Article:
Category: Airway Management

Title: Plateau Pressure

Keywords: Plateau, Peak, Pressure, airway (PubMed Search)

Posted: 7/14/2007 by Mike Winters, MD (Emailed: 7/8/2007) (Updated: 4/22/2024)
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Use plateau pressure, rather than peak inspiratory pressure, as a means of assessing the risk of barotrauma * One mechanism (of many) by which mechanical ventilation can induce acute lung injury in patients with ARDS is overdistention of the alveoli * 2 common parameters used to assess airway pressures are plateau pressure (Pplat) and peak inspiratory pressure (PIP) * Pplat approximates small airway and alveolar pressures more closely than PIP * ARDSnet trial demonstrated a reduction in the number of ventilator days and mortality when Pplat was maintained < 30 cm H2O. References: 1. ARDS Network. Ventilation with lower tidal volumes as compared with traditional tidal volumes for acute lung injury and the acute respiratory distress syndrome. NEJM 2000;342:1301-8. 2. Marcucci L, ed. Avoiding common ICU errors. Philadelphia; Lippincott Williams & Wilkins; 2007:275-6.

Category: Cardiology

Title: Cyanide toxicity

Keywords: Cyanide, itroprusside, hypotension (PubMed Search)

Posted: 7/14/2007 by Mike Winters, MD (Emailed: 7/8/2007) (Updated: 4/22/2024)
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Be alert for cyanide toxicity when using sodium nitroprusside * Toxicity from sodium nitroprusside can be seen in as little as 2-4 hours with rates > 4.0 mcg/kg/min * Patients with hepatic and renal dysfunction are at greatest risk * Clinical signs of toxicity include altered mental status (agitation, restlessness), tachycardia, ventricular arrhythmias, and eventually hypotension * The classic anion-gap metabolic acidosis is a pre-terminal event - do not wait for this to develop to raise suspicion of toxicity! Reference: Marcucci L, ed. Avoiding common ICU errors. Philadelphia; Lippincott Williams & Wilkins; 2007:148-9.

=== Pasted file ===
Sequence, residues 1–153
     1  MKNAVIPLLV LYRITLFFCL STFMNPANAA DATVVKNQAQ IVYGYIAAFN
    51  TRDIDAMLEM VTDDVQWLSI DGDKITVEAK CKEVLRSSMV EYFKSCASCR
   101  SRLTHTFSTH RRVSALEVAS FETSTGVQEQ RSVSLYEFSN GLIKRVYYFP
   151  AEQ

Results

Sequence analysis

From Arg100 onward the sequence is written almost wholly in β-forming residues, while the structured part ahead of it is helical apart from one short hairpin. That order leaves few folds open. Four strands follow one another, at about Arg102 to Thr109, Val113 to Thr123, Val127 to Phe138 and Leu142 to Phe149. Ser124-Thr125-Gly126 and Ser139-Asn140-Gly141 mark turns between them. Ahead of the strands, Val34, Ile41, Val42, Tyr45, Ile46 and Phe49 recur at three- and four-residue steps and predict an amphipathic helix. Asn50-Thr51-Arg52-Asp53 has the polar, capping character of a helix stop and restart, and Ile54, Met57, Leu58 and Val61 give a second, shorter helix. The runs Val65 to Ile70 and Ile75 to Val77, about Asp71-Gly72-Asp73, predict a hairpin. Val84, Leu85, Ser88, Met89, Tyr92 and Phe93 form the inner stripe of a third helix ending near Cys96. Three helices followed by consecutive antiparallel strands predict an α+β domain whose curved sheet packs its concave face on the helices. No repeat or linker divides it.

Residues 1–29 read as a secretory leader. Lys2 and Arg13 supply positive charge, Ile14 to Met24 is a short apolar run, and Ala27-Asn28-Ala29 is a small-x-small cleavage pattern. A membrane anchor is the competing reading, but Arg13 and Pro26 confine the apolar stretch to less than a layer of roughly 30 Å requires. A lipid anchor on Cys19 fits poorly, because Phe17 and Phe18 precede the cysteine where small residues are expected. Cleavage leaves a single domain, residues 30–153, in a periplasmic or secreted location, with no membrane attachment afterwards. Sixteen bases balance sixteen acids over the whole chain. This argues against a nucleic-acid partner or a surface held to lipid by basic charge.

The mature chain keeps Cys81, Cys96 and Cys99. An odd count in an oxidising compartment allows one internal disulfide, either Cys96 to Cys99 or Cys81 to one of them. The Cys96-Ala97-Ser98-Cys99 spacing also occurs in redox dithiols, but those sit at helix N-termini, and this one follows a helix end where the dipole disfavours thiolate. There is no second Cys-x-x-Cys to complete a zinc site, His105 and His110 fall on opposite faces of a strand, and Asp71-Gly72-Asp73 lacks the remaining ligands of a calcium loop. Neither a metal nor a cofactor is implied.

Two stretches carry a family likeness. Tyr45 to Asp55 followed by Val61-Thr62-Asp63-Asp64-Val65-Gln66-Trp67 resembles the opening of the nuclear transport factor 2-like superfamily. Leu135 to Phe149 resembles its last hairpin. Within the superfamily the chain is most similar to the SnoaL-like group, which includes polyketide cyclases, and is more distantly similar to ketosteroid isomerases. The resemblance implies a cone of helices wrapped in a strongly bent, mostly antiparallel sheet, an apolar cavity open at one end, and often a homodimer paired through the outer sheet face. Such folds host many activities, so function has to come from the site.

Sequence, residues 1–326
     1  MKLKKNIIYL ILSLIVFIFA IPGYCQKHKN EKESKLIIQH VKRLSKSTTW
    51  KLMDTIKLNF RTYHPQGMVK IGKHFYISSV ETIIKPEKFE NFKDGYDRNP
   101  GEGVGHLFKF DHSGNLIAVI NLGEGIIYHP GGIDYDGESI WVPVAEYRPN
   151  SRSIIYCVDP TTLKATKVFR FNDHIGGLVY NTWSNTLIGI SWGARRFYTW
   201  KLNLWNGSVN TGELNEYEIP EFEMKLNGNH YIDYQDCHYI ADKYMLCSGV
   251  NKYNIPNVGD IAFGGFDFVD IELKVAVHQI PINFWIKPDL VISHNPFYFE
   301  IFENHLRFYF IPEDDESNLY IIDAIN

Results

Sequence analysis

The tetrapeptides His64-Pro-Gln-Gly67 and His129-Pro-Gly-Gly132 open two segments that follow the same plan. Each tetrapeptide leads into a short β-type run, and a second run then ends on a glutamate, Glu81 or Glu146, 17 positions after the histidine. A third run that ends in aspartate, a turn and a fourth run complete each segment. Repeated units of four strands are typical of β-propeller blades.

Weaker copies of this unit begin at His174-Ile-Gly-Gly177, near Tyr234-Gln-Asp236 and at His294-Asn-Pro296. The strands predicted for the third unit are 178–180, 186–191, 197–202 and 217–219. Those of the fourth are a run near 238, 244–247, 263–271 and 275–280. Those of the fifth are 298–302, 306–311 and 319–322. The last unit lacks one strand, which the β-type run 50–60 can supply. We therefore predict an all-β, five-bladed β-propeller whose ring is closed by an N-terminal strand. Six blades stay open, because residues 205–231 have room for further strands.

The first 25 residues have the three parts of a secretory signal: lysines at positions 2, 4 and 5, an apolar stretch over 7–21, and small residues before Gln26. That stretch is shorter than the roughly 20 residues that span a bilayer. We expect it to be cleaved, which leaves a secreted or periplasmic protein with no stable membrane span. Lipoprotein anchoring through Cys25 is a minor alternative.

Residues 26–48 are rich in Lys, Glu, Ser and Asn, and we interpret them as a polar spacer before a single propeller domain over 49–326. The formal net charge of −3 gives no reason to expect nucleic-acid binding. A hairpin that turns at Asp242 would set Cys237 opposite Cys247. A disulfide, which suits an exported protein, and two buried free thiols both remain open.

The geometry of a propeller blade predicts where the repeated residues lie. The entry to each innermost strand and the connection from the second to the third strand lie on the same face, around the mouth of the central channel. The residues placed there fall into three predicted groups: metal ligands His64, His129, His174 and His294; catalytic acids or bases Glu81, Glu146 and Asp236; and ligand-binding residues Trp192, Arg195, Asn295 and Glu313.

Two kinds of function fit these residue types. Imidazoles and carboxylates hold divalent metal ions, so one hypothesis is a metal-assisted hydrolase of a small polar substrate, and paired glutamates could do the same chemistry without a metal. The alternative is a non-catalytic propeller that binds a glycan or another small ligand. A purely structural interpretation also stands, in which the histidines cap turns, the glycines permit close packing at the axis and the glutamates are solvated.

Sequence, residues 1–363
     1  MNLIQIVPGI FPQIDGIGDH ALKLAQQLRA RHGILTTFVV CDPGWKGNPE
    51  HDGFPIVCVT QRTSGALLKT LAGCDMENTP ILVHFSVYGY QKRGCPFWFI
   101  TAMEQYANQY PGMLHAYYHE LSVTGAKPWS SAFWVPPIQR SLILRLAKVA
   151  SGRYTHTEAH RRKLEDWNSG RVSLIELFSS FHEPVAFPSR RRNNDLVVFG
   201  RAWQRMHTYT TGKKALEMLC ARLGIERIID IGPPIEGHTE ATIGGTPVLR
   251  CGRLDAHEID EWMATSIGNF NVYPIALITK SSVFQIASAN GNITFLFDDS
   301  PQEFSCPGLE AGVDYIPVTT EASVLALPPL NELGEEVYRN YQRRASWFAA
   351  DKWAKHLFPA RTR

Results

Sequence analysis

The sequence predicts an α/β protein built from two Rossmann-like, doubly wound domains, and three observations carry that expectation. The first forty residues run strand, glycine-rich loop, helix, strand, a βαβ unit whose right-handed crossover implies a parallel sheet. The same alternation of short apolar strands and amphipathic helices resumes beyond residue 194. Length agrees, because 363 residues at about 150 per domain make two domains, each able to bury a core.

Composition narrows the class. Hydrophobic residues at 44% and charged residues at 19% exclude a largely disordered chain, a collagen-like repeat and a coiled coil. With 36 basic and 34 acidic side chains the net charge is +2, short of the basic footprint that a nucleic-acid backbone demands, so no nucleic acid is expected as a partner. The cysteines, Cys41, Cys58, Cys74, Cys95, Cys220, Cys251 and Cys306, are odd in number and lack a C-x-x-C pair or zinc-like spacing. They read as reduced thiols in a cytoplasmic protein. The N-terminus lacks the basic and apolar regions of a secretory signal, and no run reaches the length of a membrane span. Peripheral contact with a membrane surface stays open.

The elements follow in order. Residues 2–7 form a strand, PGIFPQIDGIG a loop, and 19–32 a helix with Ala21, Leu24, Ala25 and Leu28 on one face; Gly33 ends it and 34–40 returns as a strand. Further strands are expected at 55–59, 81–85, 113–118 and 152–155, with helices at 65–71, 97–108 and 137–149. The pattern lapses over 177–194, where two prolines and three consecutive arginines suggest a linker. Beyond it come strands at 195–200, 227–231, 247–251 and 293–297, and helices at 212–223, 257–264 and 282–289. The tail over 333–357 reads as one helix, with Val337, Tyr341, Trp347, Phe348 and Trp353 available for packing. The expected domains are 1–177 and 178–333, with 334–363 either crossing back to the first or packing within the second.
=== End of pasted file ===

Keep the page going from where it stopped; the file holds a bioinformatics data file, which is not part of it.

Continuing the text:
Category: Critical Care

Title: Critical Illness Neuromyopathy (CINM)

Keywords: Neuropathy, steroids, sepsis, neuromuscular (PubMed Search)

Posted: 7/14/2007 by Mike Winters, MD (Emailed: 7/8/2007) (Updated: 4/22/2024)
Click here to contact Mike Winters, MD

Critical Illness Neuromyopathy (CINM) * CINM is the most common peripheral neuromuscular disorder encountered in the ICU * CINM may contribute to delayed weaning and prolonged ventilation * Risk factors for CINM include SIRS/MODS, sepsis, and hyperglycemia (corticosteroid use still controversial) * Current mainstay of management is directed at prevention * EM take home point -> Judicious use of medications associated with the development of CINM (aminoglycosides, neuromuscular blocking agents) Reference: De Jonghe B, Lacherade JC, Durand MC, et al. Critical illness neuromuscular syndromes. Crit Care Clin 2007;23:55-69. (compliments of Dr. Winters)

Category: Critical Care

Title: Fungal Infections

Keywords: Fungal, Infection, antifungal (PubMed Search)

Posted: 7/14/2007 by Mike Winters, MD (Emailed: 7/8/2007) (Updated: 4/22/2024)